Volume 31 (2020)

Number 1
Vol. 31, No. 1, Winter/Spring 2020 (Besides “items of interest,” and “citations received,” this issue includes the following items: An “in memoriam” for architectural theorist Bill Hillier, who died in November; Entries relating to Goethean science as a phenomenology of nature, including three “book notes” on recently-published volumes as well as the last part of philosopher Henri Bortoft’s essay, “Goethean Science and the Wholeness of Nature;” A “book note” on sociologist Michael Hviid Jacobsen’s Encountering the Everyday: An Introduction to the Sociology of the Unnoticed. Essays by writer David Ferlic (“Walking the Dog Phenomenologically”) and anthropologist Kevin Browne (“Negotiating National Memory and Forgetting through Cemeteries”); Psychologist Akihiro Yoshida’s Japanese translation of the “twenty-three definitions of phenomenology,” originally published in the 2019 summer/fall issue of EAP.)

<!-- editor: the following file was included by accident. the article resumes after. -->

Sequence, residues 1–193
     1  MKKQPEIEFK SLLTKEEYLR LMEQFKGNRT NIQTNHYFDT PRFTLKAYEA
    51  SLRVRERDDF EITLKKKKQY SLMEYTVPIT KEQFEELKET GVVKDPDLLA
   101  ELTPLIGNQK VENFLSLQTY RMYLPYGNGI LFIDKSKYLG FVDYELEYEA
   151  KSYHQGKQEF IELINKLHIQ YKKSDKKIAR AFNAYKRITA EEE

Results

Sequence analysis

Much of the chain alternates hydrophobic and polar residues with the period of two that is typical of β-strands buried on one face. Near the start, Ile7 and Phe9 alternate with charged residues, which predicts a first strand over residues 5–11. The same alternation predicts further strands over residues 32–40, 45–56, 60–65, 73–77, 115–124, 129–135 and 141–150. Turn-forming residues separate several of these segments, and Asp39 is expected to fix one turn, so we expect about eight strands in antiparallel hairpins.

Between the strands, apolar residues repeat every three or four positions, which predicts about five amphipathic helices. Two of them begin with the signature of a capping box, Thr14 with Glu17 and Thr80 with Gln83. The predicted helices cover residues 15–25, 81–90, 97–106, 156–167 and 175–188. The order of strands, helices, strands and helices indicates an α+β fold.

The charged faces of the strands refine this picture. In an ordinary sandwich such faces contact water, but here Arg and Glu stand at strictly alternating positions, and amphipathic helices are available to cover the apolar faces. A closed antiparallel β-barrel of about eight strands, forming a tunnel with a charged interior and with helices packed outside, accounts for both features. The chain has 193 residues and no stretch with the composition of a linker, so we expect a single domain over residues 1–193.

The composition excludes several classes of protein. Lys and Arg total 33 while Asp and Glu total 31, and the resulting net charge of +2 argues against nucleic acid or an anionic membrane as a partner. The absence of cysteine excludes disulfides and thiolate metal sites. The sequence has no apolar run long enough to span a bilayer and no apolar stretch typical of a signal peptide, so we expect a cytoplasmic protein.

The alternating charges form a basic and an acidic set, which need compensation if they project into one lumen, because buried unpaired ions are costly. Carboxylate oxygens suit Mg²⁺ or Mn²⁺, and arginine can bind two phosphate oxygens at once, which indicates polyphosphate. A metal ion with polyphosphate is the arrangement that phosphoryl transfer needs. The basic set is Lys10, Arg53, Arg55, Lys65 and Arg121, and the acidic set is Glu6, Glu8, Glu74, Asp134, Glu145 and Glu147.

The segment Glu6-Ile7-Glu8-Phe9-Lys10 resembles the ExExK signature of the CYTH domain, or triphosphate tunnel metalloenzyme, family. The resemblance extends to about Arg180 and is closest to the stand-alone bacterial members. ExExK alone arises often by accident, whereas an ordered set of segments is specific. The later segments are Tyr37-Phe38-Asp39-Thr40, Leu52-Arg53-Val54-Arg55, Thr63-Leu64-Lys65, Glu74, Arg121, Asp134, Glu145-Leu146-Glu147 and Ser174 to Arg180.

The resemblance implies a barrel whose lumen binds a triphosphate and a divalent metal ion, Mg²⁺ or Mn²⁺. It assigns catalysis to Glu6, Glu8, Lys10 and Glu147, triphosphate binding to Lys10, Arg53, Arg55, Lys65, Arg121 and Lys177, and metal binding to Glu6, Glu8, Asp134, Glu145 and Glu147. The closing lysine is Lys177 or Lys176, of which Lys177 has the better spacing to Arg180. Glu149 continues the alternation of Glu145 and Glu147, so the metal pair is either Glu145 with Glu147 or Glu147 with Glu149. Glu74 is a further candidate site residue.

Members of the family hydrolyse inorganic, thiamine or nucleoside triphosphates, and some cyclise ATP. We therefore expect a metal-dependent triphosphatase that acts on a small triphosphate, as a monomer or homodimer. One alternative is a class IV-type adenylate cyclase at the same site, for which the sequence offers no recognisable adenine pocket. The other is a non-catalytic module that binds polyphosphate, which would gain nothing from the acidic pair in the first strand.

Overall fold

Number 2
Environmental & Architectural Phenomenology Vol. 31, No. 2 (Besides “Place and COVID-19,” “Items of interest,” and “citations received,” this issue includes the following items: An “in memoriam” for architect and sacred geometer Keith Critchlow, who died in London in April; A “book note” on philosopher Dermot Moran’s study, Husserl’s Crisis of the European Sciences and Transcendental Phenomenology (2010); A “book note” on philosopher Ingrid Leman Stefanovic’s The Wonder of Water (2020), an edited collection examining how human experience relates to decisions about water; Torontonian Robert Fabian’s update on downtown neighborhood planning in his city (“A New Urban Place”); Philosopher John Russon’s exploration of the lived ambiguity of travelling to a foreign place (“The Border at the Heart of Human Life”); Independent researcher Stephen Wood’s discussion of two contrasting modes of science teaching—what he calls “knowledge-based learning” vs. “understanding-based learning” (“An Understanding-Grounded Approach to Science Education”)’; Science educator Henri Bortoft’s explication of Goethe’s proto-phenomenology of nature as one example of a science of wholeness (originally published as four separate essays in the last four EAP issues and now integrated into one) (“Seeing and Understanding Holistically: Goethean Science and the Wholeness of Nature”).)